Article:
A young guy came by, asking where we were as he wasn’t exactly sure. He had the JMT book in his pack pocket, and was relying on the small maps in the appendix. I showed him our approximate location just before a large set of switchbacks. Hikers approached from that direction and he asked if there were indeed switchbacks ahead. The lady says ‘OH, yeah. I’m glad I was coming down them’. I cracked up laughing, but then spent the next 2 hours struggling up switchbacks that occupied less than a centimeter on the map. Wow.
That huge climb rewarded us with great views.
We arrived at Sunrise High Sierra camp. It was dry and the water had been turned off for backpackers, but what a beautiful meadow.
We left the JMT to head over a rise and down to Sunrise Lakes. We camped at the upper lake and were rewarded with a lovely sunset during Tim’s (second of many daily) very cold showers.
We were both super tired and feeling the distance and the elevation. The next 12 hours were spent recovering / sleeping in the nice warm bags!
Day 3 ~ Sunrise Lakes to Cathedral Lakes
The sun was nice and warm early, so we did some morning yoga and stretching. We still didn’t manage to leave camp until 10.
We hiked back down to the JMT and past arguably the most beautifully situated bathroom ever.
Gorgeous views over the meadow. Then Brenda saw a caterpillar. Have I mentioned that I really miss wildlife? Even caterpillars, apparently.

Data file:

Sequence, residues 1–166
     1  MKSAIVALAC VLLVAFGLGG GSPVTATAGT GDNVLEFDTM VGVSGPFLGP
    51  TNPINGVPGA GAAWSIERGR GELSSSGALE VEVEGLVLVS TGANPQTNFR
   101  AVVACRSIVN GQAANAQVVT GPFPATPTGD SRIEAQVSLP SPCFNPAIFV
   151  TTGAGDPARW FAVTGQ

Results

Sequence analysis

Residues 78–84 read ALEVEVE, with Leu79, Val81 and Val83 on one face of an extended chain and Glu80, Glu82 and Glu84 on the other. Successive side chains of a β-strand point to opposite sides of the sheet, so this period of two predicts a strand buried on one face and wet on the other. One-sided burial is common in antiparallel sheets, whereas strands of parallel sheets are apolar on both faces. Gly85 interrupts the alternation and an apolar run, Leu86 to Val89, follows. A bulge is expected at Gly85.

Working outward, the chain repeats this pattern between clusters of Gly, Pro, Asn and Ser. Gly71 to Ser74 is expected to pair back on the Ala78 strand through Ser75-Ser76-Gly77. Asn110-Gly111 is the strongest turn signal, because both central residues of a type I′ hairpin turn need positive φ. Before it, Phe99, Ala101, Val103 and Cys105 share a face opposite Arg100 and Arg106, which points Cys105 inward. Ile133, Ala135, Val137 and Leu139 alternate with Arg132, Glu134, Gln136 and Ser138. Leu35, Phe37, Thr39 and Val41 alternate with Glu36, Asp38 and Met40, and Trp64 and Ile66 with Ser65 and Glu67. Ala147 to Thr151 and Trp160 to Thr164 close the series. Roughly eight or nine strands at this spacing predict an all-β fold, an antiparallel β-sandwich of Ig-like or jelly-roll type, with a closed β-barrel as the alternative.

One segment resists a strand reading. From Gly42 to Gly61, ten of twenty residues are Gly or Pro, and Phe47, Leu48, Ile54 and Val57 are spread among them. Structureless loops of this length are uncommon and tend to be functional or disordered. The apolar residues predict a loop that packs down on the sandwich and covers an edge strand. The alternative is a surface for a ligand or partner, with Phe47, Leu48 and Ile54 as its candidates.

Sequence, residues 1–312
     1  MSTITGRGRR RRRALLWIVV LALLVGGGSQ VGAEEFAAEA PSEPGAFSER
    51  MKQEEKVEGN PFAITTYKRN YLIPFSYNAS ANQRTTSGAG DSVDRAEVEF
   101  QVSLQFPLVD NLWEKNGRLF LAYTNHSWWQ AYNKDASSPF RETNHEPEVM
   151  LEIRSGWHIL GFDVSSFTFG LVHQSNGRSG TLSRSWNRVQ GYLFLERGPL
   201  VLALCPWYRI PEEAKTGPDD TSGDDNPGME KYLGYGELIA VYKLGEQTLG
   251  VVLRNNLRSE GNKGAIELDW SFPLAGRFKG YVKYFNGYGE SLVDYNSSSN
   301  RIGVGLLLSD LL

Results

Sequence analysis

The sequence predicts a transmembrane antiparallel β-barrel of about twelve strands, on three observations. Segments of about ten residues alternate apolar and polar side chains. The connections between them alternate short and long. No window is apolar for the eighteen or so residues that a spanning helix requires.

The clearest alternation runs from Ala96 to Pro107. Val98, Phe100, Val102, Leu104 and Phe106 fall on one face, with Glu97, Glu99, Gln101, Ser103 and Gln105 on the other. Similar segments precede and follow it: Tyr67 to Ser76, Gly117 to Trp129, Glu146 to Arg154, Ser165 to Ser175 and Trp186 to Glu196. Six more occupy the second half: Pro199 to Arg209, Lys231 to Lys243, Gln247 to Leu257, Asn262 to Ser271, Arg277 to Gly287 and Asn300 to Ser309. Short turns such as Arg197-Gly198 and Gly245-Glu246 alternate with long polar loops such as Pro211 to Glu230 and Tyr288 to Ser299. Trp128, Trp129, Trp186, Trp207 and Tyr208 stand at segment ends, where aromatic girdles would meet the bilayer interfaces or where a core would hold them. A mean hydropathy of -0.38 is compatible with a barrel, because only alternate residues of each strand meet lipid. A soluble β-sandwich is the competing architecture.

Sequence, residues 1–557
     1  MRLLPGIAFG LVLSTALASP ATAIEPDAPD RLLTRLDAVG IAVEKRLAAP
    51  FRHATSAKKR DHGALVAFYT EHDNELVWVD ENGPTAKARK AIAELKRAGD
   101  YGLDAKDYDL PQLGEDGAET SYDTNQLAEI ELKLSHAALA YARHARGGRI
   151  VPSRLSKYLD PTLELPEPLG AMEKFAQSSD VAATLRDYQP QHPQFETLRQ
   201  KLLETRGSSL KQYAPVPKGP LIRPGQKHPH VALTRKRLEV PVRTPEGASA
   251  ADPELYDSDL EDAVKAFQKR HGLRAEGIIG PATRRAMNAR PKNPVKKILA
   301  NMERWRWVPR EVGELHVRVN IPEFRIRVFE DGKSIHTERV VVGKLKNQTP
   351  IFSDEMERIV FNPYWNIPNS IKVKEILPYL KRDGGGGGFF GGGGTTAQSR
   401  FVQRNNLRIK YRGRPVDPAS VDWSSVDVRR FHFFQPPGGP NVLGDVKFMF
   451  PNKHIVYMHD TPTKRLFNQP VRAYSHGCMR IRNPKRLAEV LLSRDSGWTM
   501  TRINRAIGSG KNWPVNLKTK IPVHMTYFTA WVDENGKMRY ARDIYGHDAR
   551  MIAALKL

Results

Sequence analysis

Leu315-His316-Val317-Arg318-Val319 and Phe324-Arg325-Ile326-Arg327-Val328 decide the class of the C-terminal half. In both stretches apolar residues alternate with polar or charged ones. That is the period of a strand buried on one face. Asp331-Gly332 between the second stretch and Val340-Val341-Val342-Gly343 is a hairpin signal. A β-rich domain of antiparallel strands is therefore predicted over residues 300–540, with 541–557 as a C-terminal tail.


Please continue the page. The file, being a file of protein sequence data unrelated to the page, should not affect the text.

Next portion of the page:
So in trying to get down low enough to take the photo WITH my pack on… I fell over. And laughed so hard that I couldn’t get up…. (Eventually Tim did pull me up! )
After recovering from the ‘caterpillar incident’, we headed up and over Cathedral Pass.
B: Marmot ! !
At least I stayed upright.
We set up camp on the N side of the upper Cathedral Lake. It was really windy and cold, but luckily the wind backed off at night. The stars are super amazing every night, but we are too cold out in the open to properly enjoy them.
Sunset while eating dinner, then into the sleeping bags to stay warm!
Day 4 ~ Cathedral Lakes to Tuolumne Meadows
We got up late, as usual, because we were cold. We had an easy downhill hike to Tuolumne Meadows. Once there, the maze of trails was a bit confusing, but we did find some amazingly clean campground bathrooms!
Tuolumne has lots of sport-climbing routes ~ easily visible by all the chalk on the cliffs! There is a rock climbing shop at the Chevron station.
We headed to the post office for our (heavy) resupply boxes. The cafe had warm fries (yum) and the store had hard cider (yummier! ).
We stayed at Tuolumne Meadows Lodge in heated canvas tents. If that sounds like an oxymoron.. it is. Tim learned about wood stoves!
Dinners were tasty and family style. We sat with two nice older couples who travel a lot and the men hike and backpack for a week at a time in the area.
We were thrilled to have hot showers, which in my case started fully clothed so I could do laundry simultaneously! The clothes sort of dried overnight….
We went through our resupply boxes and cut out as much as possible so our packs would be lighter. We haven’t been eating nearly as much as we expected, so could eliminate some if the items.
Another log into the stove, and sleep approaches quickly!